Do we really need buttons and UI the size of IE10? If it works on the iPad, should work fine on here.

Have you used a Windows 8 Tablet? I just tried to use chrome in desktop mode (the UI look's exactly the same). And it was really hard.

And for those that wonder if an x64 interpretation of Chrome is undoable, look no further than Waterfox (the x64-only Firefox recoding) - if anything, I find it far more stable than Firefox in the CP (and the RP as well). There is something to be said for matching OS bitness with application bitness.

No major difference really but I guess the little tweaks all count and all help. Looking forward to Mozillas metro interpretation.

PsYcHoKiLLa said,
Ummmm...Where's the changes?

I agree entirely! The blue edge on the top is absolutely hideous! It needs to be black.

Terracotta said,

I agree entirely! The blue edge on the top is absolutely hideous! It needs to be black.


They haven't even started the UI yet. They're at the same stage as Mozilla in their development.

PsYcHoKiLLa said,
Ummmm...Where's the changes?
The fact that they probably haven't done much with the UI aside (this isn't even in dev build yet...), the caption buttons have been replaced by a larger button, and the menu button is replaced by a new icon as well, presumably making its function more understood in a touch environment.

Meph said,

They haven't even started the UI yet. They're at the same stage as Mozilla in their development.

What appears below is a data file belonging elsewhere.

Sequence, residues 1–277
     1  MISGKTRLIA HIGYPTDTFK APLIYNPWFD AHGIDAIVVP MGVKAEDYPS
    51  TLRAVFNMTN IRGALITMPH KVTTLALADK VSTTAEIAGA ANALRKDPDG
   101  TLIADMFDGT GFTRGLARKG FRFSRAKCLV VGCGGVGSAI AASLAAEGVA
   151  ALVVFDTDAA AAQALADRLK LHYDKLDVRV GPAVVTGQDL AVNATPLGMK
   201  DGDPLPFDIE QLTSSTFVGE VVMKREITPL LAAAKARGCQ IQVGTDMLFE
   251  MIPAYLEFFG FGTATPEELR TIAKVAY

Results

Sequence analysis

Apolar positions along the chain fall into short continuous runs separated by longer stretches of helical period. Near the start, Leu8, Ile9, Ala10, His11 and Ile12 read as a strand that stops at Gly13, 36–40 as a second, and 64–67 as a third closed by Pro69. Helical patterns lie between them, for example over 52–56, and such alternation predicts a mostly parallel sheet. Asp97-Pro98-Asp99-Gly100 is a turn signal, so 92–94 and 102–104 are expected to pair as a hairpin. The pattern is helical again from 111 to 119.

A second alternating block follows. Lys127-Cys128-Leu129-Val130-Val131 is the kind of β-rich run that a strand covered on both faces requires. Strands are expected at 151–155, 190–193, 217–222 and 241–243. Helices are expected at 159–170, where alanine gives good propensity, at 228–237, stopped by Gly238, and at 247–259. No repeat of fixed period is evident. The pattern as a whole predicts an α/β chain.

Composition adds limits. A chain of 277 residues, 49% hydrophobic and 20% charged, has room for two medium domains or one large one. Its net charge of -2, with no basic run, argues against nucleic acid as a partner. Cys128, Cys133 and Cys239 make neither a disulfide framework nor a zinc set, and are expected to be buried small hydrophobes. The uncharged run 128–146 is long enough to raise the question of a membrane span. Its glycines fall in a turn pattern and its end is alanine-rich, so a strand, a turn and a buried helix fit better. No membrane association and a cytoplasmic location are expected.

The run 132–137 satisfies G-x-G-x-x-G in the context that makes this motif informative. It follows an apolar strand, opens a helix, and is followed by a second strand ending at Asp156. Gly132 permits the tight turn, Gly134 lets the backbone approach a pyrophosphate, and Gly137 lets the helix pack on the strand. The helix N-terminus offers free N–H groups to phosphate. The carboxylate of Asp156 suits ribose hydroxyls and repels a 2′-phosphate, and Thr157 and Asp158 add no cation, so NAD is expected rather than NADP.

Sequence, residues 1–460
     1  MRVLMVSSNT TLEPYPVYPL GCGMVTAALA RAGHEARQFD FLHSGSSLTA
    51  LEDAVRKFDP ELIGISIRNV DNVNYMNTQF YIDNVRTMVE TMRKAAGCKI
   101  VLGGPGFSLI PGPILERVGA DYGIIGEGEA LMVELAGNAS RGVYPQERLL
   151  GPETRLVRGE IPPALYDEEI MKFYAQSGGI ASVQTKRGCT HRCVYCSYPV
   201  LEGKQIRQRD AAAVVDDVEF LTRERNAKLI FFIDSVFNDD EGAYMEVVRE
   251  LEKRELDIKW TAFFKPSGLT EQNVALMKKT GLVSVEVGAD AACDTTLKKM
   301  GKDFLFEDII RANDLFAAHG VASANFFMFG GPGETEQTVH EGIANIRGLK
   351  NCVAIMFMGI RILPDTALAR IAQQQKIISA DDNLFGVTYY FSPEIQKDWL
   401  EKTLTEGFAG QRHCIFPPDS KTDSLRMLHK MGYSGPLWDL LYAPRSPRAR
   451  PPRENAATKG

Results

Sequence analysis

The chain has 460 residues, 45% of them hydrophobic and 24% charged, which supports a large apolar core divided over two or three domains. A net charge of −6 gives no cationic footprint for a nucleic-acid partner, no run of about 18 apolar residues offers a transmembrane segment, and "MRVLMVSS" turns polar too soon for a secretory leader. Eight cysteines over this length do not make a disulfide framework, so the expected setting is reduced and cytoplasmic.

Hmm...Agreed. I understand this is an alpha build but it just seams somewhat bland...

Still waiting on a 64-bit version of Chrome for Windows, and before anyone says it. I do not really care if you think its not needed.

Ninja Grinch said,
Still waiting on a 64-bit version of Chrome for Windows, and before anyone says it. I do not really care if you think its not needed.

Memory leaks over 2GB!!

Wait, that's the 64 bit Firefox version.

Ninja Grinch said,
Still waiting on a 64-bit version of Chrome for Windows, and before anyone says it. I do not really care if you think its not needed.

Your lack of caring doesn't make it any less pointless ;-)

TCLN Ryster said,

Your lack of caring doesn't make it any less pointless ;-)

Touche, but at the same time something is only as pointless as it is for the person using it. What could be pointless to you may not be to someone else.

TCLN Ryster said,

Your lack of caring doesn't make it any less pointless ;-)

64 bit does have some advantages. Yes, the performance difference between a 64 bit and 32 bit browser won't always be significant, but its 2012 and its about time we had more native 64 bit software. 64 bit processors have been the mainstream for years, 64 bit operating systems are now mainstream, and the major browser plugins now support 64 bit.